A prisoner for more than five years, Henry was murdered at the Tower following the death of his only son and heir at the Battle of Tewkesbury (1471). His execution, like the slaughter of mad king Aerys and his immediate heirs, was followed by a period of relative peace. But when Edward IV died in 1483, political wrangling resumed and the Tower once again provided the backdrop for the next stage of the conflict: the controversial disappearance of Edward’s sons, the “Princes in the Tower”.

The Tower of London in the 15th century. The British Library, MS Royal F ii, f. 73

Sons and queens

The slaughter or disappearance of young heirs and bastards is also a disturbing and recurring motif in Game of Thrones, resonating with the medieval and Tudor obsession with bloodlines and succession.

Jamie Lannister throws young Bran Stark from a tower at Winterfell to prevent his incestuous affair with Cersei and their illegitimate children being discovered. Theon Greyjoy fakes the murder of Bran and Rickon Stark to secure Winterfell by butchering two proxies. Joffrey orders the Gold Cloaks to massacre Robert Baratheon’s bastards. Rickard Karstark kills Tywin Lannister’s nephews. Craster sacrifices his newborn sons to the White Walkers. All are innocent children, and all fall victim to the morally ambiguous “game” being played by the leading Houses of Westeros.

The prime responsibility of the noblewomen, such as Cersei Lannister, Margery Tyrell and Sansa Stark, is to provide the next generation of kings. They are therefore also at the heart of the political machinations. And here, too, the series draws inspiration from the real medieval and Tudor women associated with the Tower.

Sansa, kingdom currency. ©2015 Home Box Office, Inc.

In his pursuit of a male heir, Henry VIII famously had his politically sharp consort, Anne Boleyn, imprisoned and executed at the Tower on charges of treason, adultery and incest (the same crimes embraced by Cersei Lannister). This example will be particularly fresh for those who watched the BBC’s Wolf Hall.

Queen of the Roses

Henry VI’s widow, Margaret of Anjou, was likewise incarcerated in the Tower after a decade-long struggle to secure the crown for her son, Prince Edward. A formidable and proud French woman, who married for political purposes, Margaret was unafraid of engaging with the factionalism of her husband’s all-male council. She fought fiercely, if not always astutely, when her son’s birthright came under attack, and made strategic alliances wherever she could – most notably by marrying Prince Edward to the daughter of her former enemy, Richard Neville, earl of Warwick, better known as the “Kingmaker”.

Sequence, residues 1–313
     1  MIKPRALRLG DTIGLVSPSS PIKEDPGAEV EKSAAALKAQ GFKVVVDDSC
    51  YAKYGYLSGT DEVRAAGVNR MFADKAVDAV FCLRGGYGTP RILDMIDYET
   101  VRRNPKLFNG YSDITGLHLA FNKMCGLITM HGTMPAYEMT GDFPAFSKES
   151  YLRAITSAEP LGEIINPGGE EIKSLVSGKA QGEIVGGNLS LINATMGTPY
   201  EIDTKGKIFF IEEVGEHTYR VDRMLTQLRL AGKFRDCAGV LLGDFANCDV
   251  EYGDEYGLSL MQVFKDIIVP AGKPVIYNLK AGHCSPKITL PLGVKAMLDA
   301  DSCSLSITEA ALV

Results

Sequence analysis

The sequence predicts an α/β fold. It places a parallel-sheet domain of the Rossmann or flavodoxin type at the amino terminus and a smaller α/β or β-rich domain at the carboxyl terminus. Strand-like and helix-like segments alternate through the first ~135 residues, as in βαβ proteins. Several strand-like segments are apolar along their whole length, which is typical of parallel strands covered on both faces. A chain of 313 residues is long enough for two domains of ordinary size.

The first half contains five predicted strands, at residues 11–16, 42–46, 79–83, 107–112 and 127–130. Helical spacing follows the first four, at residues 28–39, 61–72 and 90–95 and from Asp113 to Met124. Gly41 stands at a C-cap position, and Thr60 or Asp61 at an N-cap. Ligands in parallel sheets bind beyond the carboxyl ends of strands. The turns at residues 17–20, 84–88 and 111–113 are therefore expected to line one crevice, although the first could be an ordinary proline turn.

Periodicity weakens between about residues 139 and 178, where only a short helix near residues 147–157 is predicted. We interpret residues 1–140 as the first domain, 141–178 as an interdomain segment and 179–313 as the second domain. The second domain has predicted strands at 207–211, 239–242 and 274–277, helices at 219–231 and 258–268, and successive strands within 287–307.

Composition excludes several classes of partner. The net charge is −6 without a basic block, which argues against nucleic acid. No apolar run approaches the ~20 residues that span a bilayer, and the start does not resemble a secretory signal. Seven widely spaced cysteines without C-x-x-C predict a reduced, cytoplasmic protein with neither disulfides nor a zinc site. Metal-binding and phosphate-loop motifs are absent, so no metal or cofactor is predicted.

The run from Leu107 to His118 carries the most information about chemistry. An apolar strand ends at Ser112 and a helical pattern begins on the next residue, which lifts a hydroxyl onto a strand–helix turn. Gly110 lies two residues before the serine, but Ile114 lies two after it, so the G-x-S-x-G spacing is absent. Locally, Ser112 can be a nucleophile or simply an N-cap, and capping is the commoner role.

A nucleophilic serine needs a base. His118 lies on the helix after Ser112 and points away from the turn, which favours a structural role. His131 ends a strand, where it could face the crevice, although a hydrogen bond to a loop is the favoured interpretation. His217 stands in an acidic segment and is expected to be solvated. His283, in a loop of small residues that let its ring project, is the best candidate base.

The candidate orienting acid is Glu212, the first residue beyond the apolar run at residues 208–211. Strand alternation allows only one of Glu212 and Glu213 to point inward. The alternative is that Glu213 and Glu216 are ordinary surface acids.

Captured after leading the Lancastrian army against Edward IV at the aforementioned Battle of Tewkesbury, where her son was killed, Margaret avoided her husband’s grim fate and was eventually ransomed, returning to France to live out her days in relative obscurity.

If aspects of Margaret’s story sound familiar it’s because she is one of several resilient historical women who inspired the characterisation of Cersei Lannister. While Cersei’s future is uncertain, we’ve seen her fight to influence and fortify Joffrey’s sovereignty and this season promises to follow her struggle with Margery Tyrell for control of King Tommen, her second son.

Ravens and crows

It’s impossible to avoid a final comparison between the Night’s Watch, or “Crows”, who swear to be “the shield that guards the realms of men” at the Wall, and that other species of the crow genus – the raven – which said to protect the kingdom by its presence at the Tower. According to tradition, if the ravens ever leave, the Tower and the realm will fall.

Game of Thrones’s kind of crow. ©2014 Home Box Office, Inc.

By the same token, one can’t help wondering what will happen to the Seven Kingdoms if the crows defending the northern frontier are slain, or forced to flee, by the White Walkers. In future seasons, Bran and the mysterious three-eyed raven doubtless have an equally important role to play in the defence of the kingdom.

But for the time being, the imminent series of Games of Thrones will continue to delight and terrify its audience with the same bouts of intrigue, scandal and brutality that have contributed to the Tower’s notorious reputation and popularity.

If winter is coming, then so is more bloodshed, for, as Tower prisoner and martyr Sir Thomas More once said in his account of Richard III’s acquisition of the crown, “king’s games” are “for the more part played upon scaffolds”.